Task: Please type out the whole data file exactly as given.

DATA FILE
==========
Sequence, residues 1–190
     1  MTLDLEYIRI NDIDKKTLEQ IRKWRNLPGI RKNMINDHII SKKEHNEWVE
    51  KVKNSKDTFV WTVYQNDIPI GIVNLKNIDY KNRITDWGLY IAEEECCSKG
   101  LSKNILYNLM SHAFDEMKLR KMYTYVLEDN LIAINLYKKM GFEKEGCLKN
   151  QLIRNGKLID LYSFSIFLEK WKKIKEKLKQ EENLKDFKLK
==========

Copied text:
Sequence, residues 1–190
     1  MTLDLEYIRI NDIDKKTLEQ IRKWRNLPGI RKNMINDHII SKKEHNEWVE
    51  KVKNSKDTFV WTVYQNDIPI GIVNLKNIDY KNRITDWGLY IAEEECCSKG
   101  LSKNILYNLM SHAFDEMKLR KMYTYVLEDN LIAINLYKKM GFEKEGCLKN
   151  QLIRNGKLID LYSFSIFLEK WKKIKEKLKQ EENLKDFKLK